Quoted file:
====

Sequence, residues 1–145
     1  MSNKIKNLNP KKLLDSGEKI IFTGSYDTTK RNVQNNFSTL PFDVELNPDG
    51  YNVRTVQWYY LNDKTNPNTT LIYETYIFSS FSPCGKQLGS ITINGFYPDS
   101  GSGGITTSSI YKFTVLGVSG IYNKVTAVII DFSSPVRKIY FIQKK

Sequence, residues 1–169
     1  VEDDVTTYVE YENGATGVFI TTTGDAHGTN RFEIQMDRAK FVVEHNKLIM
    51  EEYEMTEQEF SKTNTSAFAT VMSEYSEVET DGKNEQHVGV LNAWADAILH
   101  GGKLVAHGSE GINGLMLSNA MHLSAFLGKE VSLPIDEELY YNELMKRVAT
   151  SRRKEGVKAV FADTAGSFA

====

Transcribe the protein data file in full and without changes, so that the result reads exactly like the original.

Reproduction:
Sequence, residues 1–145
     1  MSNKIKNLNP KKLLDSGEKI IFTGSYDTTK RNVQNNFSTL PFDVELNPDG
    51  YNVRTVQWYY LNDKTNPNTT LIYETYIFSS FSPCGKQLGS ITINGFYPDS
   101  GSGGITTSSI YKFTVLGVSG IYNKVTAVII DFSSPVRKIY FIQKK

Sequence, residues 1–169
     1  VEDDVTTYVE YENGATGVFI TTTGDAHGTN RFEIQMDRAK FVVEHNKLIM
    51  EEYEMTEQEF SKTNTSAFAT VMSEYSEVET DGKNEQHVGV LNAWADAILH
   101  GGKLVAHGSE GINGLMLSNA MHLSAFLGKE VSLPIDEELY YNELMKRVAT
   151  SRRKEGVKAV FADTAGSFA